Editorial comment – Health dilemma

Fiji Nursing Association president Dr Alisi Vudiniabola. Picture: FILE

The suggestion by the Fiji Nursing Association (FNA) president Dr Alisi Vudiniabola, that nurses are leaving the country every day will attract attention.

She claims the Health Ministry is withholding information from the public on the number of health workers who have resigned.

She also claimed while some were leaving for greener pastures, many were disillusioned and “tired of how their bosses and their employers treat them”.

Dr Vudiniabola was responding to a statement released by the ministry which said the ongoing exodus of medical staff “was a global issue and not specific to Fiji”.

Dr Vudiniabola claimed the ministry was using silence to misinform and distort the nature of the staffing issue which bordered on unsafe staffing levels.

She also suggested it was the ministry’s responsibility to inform the public about the number of health workers who had exited the service and left the country.

The ministry, she claimed, was reluctant to provide the numbers and also release information about the staffing levels at sub-divisional hospitals in Sigatoka and Levuka.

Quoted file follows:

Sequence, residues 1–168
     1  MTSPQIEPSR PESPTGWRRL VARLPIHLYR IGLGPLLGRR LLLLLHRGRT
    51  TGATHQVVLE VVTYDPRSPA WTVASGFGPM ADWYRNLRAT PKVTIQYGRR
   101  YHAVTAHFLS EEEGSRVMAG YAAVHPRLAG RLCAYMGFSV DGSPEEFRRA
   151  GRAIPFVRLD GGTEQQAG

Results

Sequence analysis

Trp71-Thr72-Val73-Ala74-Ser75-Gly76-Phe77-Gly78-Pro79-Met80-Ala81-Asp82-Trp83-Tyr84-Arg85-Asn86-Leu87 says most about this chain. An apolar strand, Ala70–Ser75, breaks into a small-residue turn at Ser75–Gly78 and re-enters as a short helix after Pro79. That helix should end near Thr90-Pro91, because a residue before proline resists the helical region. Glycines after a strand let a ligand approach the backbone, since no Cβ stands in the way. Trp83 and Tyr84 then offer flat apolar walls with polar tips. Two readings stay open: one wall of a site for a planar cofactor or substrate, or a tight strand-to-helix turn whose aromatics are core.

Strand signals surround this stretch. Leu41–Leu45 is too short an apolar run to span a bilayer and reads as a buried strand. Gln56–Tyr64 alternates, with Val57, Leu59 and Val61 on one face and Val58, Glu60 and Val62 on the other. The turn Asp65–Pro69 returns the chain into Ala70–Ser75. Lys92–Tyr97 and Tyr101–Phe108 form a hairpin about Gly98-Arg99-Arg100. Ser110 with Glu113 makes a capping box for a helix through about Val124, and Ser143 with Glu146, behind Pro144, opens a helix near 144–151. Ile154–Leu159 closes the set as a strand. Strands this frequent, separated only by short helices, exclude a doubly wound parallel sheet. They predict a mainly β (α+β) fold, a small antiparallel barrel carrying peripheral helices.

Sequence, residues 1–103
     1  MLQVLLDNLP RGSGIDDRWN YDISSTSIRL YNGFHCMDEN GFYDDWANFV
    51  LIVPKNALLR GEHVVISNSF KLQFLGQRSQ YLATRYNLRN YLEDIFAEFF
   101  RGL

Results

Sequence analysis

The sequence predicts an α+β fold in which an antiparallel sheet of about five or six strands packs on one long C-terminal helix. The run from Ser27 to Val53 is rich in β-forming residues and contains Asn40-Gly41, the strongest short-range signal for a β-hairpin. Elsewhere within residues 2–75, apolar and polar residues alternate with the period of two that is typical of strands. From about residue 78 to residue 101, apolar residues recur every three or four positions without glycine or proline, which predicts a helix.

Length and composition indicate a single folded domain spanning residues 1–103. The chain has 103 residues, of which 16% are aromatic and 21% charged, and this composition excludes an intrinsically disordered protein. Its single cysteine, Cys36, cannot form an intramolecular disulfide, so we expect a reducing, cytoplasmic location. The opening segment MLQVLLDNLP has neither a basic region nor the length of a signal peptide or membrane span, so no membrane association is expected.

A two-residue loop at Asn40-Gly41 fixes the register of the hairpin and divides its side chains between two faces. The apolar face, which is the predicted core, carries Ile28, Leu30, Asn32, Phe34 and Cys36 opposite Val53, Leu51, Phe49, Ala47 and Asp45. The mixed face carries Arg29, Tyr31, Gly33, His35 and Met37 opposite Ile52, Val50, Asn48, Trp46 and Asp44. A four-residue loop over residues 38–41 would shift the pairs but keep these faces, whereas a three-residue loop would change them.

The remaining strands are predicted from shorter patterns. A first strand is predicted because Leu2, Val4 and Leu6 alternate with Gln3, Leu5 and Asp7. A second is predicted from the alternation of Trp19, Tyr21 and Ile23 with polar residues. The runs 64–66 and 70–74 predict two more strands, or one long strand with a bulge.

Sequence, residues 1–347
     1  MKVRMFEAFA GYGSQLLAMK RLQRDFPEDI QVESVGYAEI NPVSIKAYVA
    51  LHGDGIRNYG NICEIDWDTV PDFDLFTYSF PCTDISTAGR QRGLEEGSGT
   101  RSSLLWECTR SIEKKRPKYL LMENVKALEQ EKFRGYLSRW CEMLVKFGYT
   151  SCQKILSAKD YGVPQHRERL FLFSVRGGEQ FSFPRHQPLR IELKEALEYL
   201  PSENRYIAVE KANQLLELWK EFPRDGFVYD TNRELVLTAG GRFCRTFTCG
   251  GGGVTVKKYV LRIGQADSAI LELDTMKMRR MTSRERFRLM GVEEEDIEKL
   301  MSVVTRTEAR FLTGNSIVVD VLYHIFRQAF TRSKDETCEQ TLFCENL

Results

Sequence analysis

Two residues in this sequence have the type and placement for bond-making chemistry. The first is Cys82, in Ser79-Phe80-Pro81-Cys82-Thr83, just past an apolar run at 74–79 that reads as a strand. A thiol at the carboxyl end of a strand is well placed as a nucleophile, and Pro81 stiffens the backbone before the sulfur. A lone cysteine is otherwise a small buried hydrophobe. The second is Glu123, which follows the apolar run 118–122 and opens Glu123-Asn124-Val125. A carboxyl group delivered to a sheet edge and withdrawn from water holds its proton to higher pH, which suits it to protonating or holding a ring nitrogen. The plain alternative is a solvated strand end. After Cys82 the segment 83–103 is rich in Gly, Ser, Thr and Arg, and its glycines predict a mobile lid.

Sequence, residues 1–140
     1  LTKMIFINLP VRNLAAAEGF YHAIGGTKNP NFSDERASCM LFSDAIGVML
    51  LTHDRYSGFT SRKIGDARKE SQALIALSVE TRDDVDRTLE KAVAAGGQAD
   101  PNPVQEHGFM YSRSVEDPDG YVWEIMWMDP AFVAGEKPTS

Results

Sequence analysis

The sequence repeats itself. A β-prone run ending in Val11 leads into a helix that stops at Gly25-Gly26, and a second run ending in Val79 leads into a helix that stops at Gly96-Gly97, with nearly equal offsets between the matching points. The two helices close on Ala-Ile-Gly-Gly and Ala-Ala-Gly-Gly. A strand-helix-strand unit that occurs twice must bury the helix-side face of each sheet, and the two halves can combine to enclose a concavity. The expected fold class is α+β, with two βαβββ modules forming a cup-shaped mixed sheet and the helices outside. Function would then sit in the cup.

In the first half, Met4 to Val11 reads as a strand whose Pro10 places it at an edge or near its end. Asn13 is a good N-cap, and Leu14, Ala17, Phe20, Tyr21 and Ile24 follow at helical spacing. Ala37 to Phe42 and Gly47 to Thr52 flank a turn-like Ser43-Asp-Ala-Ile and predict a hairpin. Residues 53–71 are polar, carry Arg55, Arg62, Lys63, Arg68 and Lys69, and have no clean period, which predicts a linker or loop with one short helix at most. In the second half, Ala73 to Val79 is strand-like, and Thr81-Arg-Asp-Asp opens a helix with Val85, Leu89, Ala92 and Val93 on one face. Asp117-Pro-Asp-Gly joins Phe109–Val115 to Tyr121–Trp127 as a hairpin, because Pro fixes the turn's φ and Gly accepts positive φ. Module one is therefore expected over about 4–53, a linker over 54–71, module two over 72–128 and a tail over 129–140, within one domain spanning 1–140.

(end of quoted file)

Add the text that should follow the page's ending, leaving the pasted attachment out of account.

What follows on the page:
She claimed nurses were not being paid for overtime work along with allowances and there were multiple reports of nurses who faced violence and bullying.

Health Ministry permanent secretary Dr James Fong recently said many developed countries including Australia, New Zealand and the US had reported staff shortages related to the exodus of healthcare workers.

Dr Fong acknowledged there were staff shortages which meant some health workers were working long hours, however, recently reintroduced overtime pay and the time off in lieu would help mitigate the shortage.

The ministry, he said, would continue to review and employ strategies to improve the work environment of the health care workforce and has employed a staff rostering approach at appropriate locations to ensure safe working conditions for nurses and patients.

Whatever is happening in the health system, there will be concern at this latest turn of events.

Fijians have expectations of our health system.

Now that we are in an election year, there would be interest on the health issue.

Whatever it is, there will be an expectation that our health system is able to meet the demands of Fijians.

That will mean issues such as infrastructure development, human resources, processes and availability of medicines are given attention.

It will mean attention focused on the workforce, the availability of experts in various fields of medicine, and a conducive environment that is pleasant to work in and serves as the base for enthusiastic, dedicated and committed medical professionals.

It can only be good for Fiji.

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